senate speaker

Cade Cothren, Steve Gill, and the Tennessee Star take aim at McNally

Indicted former House chief of staff Cade Cothren, controversial political commentator Steve Gill, and the conservative Tennessee Star website are suggesting Senate Speaker Randy McNally (R-Oak Ridge) should resign over Instagram comments directed at risqué photos posted by a 20-year-old Knoxville man.

McNally was lampooned in a Saturday Night Live skit this weekend:

McNally had called on then-House Speaker Glen Casada (R-Franklin) “to resign for less,” Gill said in a Facebook post. When a commenter said McNally should resign or be removed, Gill responded: “Correct.”

Cothren, who was indicted along with Casada on public corruption charges related obscuring their control of a political vendor called Phoenix Solutions, was forced out of his legislative job in 2019 following revelations of racist and sexist texts with his boss and for boasting about using cocaine in his legislative office. Casada later lost a no-confidence vote and stepped down as speaker.

Cothren this weekend posted a copy of McNally’s tweets surrounding the 2019 scandal.

“It is painfully obvious to anyone who has watched the confused public responses of 79-year-old Tennessee Lt. Governor Randy McNally (R-Oak Ridge) to the controversy surrounding his inexplicable social media postings that he has lost a step mentally,” writes the Tennessee Star’s Michael Patrick Leahy in a post calling on the speaker’s resignation.

Gill was once a political writer for the Star before stepping away from the site after spending time in jail for failure to pay child support. He has appeared on Russian state television since the country’s invasion of Ukraine.

The calls for McNally to step aside are only coming from the political fringe — at least so far. It remains to be seen whether any members of the Senate Republican caucus begin to make a play to replace McNally in the Senate’s top leadership position.

McNally nominated to another two-year term as Senate speaker

Senate Speaker Randy McNally and House Speaker Cameron Sexton await Gov. Bill Lee’s State of the State address in Nashville on Feb. 3, 2020. (Erik Schelzig, Tennessee Journal)

The Senate Republican Caucus has nominated Randy McNally to another term as speaker.

McNally, a retired Oak Ridge pharmacist, first succeeded former Speaker Ron Ramsey in 2017. Some at the time saw him as a transitional figure, but he has since consolidated his leadership position in the upper chamber.

McNally served four terms in the state House before his first election to the Senate in 1986. He is a former chair of the Senate Finance Committee.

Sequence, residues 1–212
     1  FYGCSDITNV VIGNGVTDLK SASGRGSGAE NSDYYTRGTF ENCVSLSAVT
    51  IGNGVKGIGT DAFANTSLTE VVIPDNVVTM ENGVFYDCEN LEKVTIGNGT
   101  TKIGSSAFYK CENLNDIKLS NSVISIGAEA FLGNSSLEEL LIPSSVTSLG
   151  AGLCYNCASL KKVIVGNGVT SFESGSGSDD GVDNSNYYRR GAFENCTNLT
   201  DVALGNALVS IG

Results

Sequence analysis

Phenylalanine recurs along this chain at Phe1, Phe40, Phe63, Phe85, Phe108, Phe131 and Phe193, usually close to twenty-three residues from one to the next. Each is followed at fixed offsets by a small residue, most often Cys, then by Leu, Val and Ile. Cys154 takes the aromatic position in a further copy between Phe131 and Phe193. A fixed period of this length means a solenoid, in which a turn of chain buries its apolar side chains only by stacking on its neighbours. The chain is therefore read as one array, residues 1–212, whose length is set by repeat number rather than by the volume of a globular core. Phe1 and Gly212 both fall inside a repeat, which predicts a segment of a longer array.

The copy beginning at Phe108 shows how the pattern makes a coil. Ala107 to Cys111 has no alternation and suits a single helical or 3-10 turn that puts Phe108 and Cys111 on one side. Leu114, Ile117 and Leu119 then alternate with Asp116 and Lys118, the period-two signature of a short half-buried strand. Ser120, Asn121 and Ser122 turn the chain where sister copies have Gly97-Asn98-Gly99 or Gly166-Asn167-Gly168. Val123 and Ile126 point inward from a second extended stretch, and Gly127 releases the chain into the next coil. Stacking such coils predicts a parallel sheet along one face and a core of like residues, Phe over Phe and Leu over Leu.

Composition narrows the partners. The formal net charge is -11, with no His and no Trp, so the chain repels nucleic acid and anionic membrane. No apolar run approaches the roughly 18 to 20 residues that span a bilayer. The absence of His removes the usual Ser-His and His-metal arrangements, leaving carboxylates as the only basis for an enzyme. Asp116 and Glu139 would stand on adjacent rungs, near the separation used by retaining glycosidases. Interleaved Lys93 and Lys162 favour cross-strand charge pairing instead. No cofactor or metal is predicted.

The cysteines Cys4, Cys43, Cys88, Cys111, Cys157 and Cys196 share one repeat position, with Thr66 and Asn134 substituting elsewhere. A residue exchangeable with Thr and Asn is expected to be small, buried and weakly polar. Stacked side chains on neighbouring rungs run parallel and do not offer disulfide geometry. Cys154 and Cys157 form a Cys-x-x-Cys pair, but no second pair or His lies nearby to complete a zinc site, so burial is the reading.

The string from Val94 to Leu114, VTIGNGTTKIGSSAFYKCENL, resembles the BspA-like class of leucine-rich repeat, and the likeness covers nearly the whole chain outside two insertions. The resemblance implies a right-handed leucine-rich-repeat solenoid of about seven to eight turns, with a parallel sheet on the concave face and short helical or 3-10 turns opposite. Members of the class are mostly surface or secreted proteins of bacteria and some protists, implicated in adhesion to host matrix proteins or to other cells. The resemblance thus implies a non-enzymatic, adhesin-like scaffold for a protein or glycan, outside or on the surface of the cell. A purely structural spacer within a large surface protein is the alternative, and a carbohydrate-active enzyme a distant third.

The full Senate will officially vote on the speaker in January. But with Republicans holding a 27-6 advantage, it’s largely considered a formality.

Speakers seek delay of sports gambling in Tennessee amid questions about draft rules

Senate Speaker Randy McNally and House Speaker Cameron Sexton await Gov. Bill Lee’s arrival for his second State of the State address in Nashville on Feb. 3, 2020. (Erik Schelzig, Tennessee Journal)

Legislative leaders want the Tennessee Lottery to delay the approval of sports gambling rules. Senate Speaker Randy McNally (R-Oak Ridge) and House Speaker Cameron Sexton (R-Crossville) wrote in a letter to Lottery Chair Susan Lanigan on Friday that some of the draft rules are outside the scope of the gaming law passed last year.

Here is the text of the letter:

Dear Ms. Lanigan,
We would respectfully request that the Tennessee Education Lottery Corporation Board of Directors and the Sports Wagering Advisory Council delay voting on the rules to implement the “Tennessee Sports Gaming Act.”

There have been concerns brought to our attention that some of the rules, as drafted, may be outside the authority given to the Board or Council pursuant to the “Tennessee Sports Gaming Act.” For example, there is concern that the additional categories of licenses created within the rules aren’t within the scope or authority of the Board or Council under the “Tennessee Sports Gaming Act.” Specifically, the Sports Pool Intermediary License and the Vendor License, and associated fees, are not authorized in the Act.

Please feel free to contact our office with any questions you have regarding this letter,

Thank you for your consideration.

Lt. Governor Randy McNally, Speaker Cameron Sexton


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